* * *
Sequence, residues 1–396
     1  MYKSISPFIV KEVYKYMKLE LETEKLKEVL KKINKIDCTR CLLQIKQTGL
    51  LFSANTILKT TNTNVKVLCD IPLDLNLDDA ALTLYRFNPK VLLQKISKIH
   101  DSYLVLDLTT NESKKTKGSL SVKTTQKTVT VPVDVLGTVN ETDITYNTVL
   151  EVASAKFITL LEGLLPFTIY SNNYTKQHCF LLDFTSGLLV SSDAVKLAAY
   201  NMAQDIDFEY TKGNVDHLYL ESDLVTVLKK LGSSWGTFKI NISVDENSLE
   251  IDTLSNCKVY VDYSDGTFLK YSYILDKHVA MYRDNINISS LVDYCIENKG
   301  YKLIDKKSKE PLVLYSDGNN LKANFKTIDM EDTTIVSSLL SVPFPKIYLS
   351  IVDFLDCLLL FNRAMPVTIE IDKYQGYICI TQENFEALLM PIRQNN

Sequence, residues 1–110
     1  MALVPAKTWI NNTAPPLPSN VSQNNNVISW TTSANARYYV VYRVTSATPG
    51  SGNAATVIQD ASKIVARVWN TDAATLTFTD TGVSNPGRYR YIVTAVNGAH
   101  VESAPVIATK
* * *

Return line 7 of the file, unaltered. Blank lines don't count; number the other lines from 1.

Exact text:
   251  IDTLSNCKVY VDYSDGTFLK YSYILDKHVA MYRDNINISS LVDYCIENKG